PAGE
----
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Interviews   

KMFDM: technology, I hate you, I love you


KMFDM is an acronym that represents one of this oldest, more prolific industrial metal bands. This year, the combo led by Sascha Konietzko makes its way without weakening, armed with a new album entitled WTF?! whose quality and variety are exemplary, as usual. Here’s maybe KMFDM’s secret: not caring about trends or rules, and making it through the ages without having any limits while others stumble reaching for them. Actually Sascha himself confesses that he never felt quite comfortable with the “industrial metal” label. All he did was trying to make the music he wanted to.

Unlike what one would think about a band like KMFDM, Sascha admits not being really interested by the current profusion of technology. He’d rather devote himself to the music, especially its creation, than to the more and more sophisticated means of doing it. A sense of priorities that contributes undoubtedly to this unique band’s longevity – almost thirty years!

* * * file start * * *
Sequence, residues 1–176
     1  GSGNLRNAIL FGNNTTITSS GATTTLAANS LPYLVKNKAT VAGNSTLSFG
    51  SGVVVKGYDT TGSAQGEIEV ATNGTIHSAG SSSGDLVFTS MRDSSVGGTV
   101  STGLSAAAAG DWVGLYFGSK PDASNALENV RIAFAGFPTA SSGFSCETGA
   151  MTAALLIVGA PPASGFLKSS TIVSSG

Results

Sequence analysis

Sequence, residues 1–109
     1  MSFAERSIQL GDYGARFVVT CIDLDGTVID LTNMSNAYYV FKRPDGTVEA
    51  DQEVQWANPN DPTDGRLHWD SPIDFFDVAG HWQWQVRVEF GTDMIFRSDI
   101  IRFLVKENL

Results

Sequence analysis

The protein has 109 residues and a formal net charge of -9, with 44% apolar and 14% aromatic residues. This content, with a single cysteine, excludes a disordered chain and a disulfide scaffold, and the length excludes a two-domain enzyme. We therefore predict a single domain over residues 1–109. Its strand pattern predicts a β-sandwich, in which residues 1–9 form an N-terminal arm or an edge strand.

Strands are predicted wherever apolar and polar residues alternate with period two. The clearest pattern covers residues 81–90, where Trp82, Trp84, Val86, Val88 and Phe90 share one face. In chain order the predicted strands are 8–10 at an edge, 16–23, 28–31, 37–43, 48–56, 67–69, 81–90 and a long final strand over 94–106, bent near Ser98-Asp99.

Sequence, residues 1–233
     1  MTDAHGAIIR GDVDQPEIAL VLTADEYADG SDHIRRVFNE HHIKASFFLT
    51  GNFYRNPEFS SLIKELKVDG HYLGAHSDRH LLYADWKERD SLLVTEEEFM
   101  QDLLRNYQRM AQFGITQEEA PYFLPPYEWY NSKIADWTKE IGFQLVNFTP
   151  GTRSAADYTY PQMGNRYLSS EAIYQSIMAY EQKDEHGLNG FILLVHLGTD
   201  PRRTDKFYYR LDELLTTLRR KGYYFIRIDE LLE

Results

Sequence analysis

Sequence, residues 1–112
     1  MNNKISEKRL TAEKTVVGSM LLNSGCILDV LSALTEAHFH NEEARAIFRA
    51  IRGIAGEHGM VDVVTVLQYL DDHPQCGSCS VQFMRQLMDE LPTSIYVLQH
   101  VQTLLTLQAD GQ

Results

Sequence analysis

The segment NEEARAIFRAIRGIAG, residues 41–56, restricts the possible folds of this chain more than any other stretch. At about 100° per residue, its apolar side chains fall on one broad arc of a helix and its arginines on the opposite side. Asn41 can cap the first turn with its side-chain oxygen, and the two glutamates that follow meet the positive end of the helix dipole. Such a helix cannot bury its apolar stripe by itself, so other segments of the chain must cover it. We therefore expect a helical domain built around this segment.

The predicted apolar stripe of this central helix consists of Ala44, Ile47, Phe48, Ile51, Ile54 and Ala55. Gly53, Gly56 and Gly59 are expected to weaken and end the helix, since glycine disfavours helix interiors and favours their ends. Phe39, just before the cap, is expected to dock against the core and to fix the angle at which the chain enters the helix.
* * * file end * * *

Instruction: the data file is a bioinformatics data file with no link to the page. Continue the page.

The band’s mastermind Sascha Konietzko himself tells us everything about this and more, on the eve – literally speaking – of his European tour.

Interview.

« If I do something and then a month later I listen to it and I’m not totally blown away, then I know that it’s not good and that it needs something. »

Radio Metal: From what I’ve read about the new album, it took 13 months from start to end to make. Can you explain the process that led to this album and why it took so long to make?